How performers explain or attribute their sporting performance has a significant impact on their expectations and emotional reactions, which in turn influence future achievement.
In order to achieve sporting excellence it is imperative that athletes demonstrate and focus upon positive attributions; ones that are stable, such as their ability.
Attributing performance to these stable factors has a positive impact on performance and has been associated with expectations of future success. Focusing on these factors can be carried from one event to another; they are a constant and because of an athlete’s awareness of this then this should provide a similar outcome in future sporting events.
Alternatively, focusing on negative, unstable or external factors outside of an athlete’s control will have a detrimental impact on their sporting performance as all of these will mean that an athlete will not expect sporting success with any degree of frequency due to the variable nature of all of these factors. This will lead to the athlete feeling that their performance is out of their immediate control and as a result their motivation and confidence levels will be less. In the long term this will have a significant impact on the athlete’s enjoyment and success in their chosen sport.
Gavin Wilson MINDSi SPORTS PERFORMANCE www.MindsiOnline.com
Sports psychologist Ian Lynagh, father of former Australian rugby league captain Michael Lynagh describes motivation as “The development and maintenance of a drive to succeed".
He goes onto explain that the most mature reason why people do sport is because of the challenge of wanting to establish control over a task. He then adds that it becomes more of an intrinsic striving, an internal challenge, than the desire for status or other extrinsic things such as prestige and rewards, getting a medal. He continues “Sport provides a process of learning to grow as a human being. Most sports are stupid or meaningless. But we identify a difficult challenge in sport so that we need to train and develop skills, which involves self-discipline and self-management and taking responsibility. It’s all about factors that help humans grow to become more than we are”.
For me this is an excellent definition of the term “motivation” and he goes onto explain it well. The fascinating thing that Lynagh gets at is that he sees motivation in sport as not specifically about sport or its external rewards, such as trophies and medals, but more about motivating oneself to improve as a person.
This links into Maslow’s Hierarchy of Needs and the five different levels that can be attained. I believe to be motivated in sport, you have to have that drive, that determination in other aspects of your life too – it needs to be intrinsic and you must focus on the task in hand, and not the final outcome. And vice versa.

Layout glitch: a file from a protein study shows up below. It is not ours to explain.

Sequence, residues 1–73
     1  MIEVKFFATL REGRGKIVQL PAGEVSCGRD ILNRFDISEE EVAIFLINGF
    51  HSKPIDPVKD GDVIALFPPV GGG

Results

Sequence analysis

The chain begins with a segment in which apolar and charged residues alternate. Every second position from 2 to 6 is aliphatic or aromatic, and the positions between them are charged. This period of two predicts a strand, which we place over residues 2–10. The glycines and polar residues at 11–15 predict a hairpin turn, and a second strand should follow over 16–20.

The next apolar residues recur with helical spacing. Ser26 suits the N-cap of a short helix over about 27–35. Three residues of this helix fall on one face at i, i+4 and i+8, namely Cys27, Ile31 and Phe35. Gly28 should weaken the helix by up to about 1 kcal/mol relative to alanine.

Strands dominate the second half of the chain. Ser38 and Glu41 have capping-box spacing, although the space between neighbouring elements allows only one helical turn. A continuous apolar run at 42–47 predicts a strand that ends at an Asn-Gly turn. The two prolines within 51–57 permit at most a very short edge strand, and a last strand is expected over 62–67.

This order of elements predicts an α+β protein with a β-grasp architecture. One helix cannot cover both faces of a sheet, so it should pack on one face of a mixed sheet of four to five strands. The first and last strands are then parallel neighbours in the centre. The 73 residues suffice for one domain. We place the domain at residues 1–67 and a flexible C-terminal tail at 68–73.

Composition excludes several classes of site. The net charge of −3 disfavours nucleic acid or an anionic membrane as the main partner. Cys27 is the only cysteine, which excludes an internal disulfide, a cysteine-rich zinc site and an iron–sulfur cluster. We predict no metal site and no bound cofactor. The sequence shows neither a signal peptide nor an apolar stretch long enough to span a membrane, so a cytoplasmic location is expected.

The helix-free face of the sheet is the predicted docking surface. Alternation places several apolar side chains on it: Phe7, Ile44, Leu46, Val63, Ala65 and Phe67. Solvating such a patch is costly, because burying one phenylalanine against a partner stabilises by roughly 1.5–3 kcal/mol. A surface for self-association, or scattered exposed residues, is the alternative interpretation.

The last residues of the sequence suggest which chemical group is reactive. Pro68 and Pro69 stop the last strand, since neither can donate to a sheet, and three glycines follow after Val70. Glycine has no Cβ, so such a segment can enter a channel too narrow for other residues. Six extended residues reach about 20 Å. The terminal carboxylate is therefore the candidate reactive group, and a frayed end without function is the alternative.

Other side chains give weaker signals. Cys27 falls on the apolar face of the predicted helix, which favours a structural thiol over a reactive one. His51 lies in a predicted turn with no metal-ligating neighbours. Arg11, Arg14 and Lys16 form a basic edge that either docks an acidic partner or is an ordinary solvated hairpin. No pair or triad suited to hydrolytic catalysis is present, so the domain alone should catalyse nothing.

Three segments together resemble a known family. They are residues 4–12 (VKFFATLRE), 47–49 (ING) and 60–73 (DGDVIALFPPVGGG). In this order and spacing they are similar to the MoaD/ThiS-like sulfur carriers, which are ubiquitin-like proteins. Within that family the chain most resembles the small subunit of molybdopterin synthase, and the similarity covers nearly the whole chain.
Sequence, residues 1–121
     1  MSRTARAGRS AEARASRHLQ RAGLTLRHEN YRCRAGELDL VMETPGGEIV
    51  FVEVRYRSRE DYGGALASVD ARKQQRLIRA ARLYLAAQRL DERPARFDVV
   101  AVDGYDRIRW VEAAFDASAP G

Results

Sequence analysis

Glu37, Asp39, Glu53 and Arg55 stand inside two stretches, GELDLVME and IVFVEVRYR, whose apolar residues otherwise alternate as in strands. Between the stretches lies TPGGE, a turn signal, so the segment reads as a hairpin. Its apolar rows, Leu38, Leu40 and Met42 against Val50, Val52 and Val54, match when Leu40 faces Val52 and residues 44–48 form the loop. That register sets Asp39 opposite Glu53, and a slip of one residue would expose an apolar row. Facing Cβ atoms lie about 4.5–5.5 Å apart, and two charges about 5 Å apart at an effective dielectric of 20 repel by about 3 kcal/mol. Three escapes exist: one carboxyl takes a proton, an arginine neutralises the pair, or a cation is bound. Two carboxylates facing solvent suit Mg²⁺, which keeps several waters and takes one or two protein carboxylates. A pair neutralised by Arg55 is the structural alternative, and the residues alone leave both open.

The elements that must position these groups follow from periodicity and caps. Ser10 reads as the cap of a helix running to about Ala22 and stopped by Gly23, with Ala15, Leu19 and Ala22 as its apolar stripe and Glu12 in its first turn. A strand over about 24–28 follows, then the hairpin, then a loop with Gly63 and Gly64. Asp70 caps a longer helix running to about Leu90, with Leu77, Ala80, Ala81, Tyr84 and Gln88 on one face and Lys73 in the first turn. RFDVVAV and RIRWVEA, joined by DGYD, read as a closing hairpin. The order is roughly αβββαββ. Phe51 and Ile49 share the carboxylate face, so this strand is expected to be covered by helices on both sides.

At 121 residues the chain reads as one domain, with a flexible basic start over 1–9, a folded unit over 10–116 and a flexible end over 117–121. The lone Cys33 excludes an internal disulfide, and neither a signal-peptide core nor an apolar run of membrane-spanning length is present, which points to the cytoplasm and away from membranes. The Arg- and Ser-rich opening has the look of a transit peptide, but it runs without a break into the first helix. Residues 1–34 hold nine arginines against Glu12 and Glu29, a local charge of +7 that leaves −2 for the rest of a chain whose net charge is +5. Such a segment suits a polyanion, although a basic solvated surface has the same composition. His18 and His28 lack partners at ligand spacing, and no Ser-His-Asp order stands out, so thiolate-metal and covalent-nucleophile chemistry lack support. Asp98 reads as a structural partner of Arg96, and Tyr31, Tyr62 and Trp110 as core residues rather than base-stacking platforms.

An athlete’s values and beliefs also link into this and a need to take a personal responsibility and pride in their development and what they want to achieve, in sport and in their everyday life. To conclude, motivation in sport can be taught although a person’s general personality traits, beliefs, values and strive for personal intrinsic improvement heavily influence future sporting success.
If you, or your team, would like some help with the complex area of motivation please just get in touch with us and one of our Peak Performance Consultants can arrange a one on one session or group session.
Gavin Wilson Senior Sports Performance Coach MINDSi SPORTS PERFORMANCE www.MindsiOnline.com
David de Gea's erratic first season at Manchester United has taken place with the talented but error-prone goalkeeper suffering from an eyesight problem that may necessitate laser surgery at the end of the season.
De Gea, dropped from United's past three matches after making a succession of mistakes, is long-sighted and plays in contact lenses. United employ a full-time optometrist, based at their training ground, and the Spaniard has been recommended for treatment to restore his sight to normal as he tries to cut out the mistakes that have cost him his place as Sir Alex Ferguson's first-choice goalkeeper.
Having worn glasses for most of his life, De Gea was going to have laser surgery last March when he was at Atlético Madrid. At the time, however, the Atlético medical staff told him to wait at least another year because he needed a stable prescription.
United were aware of the issue when they signed him for £18.3m in the summer. De Gea has had regular check-ups since replacing Edwin van der Sar and held off the challenge of Anders Lindegaard until one mistake too many in the 3-2 home defeat against Blackburn Rovers on New Year's Eve.
De Gea has been at fault, to different degrees, for as many as six to nine goals in his first five months in the team and, though there have been times when his goalkeeping has been exceptional, his first season in England has been a difficult one. Whether there is any link to his vision is not clear, but wearers of contact lenses often find their eyesight is strained when watching football under artificial light, and the priority at Old Trafford is to make sure it is not even potentially a factor.
United still have high aspirations that De Gea, at 21, can demonstrate he was worth the money and become a great goalkeeper for the club.
The hope is that he can be booked in for laser treatment in June, when he could take advantage of the summer break to have the four-day period of rest that is advised. He is then expected to be selected for Spain's Olympics squad if, as expected, he misses out on Euro 2012 behind Iker Casillas, José Reina and Victor Valdés.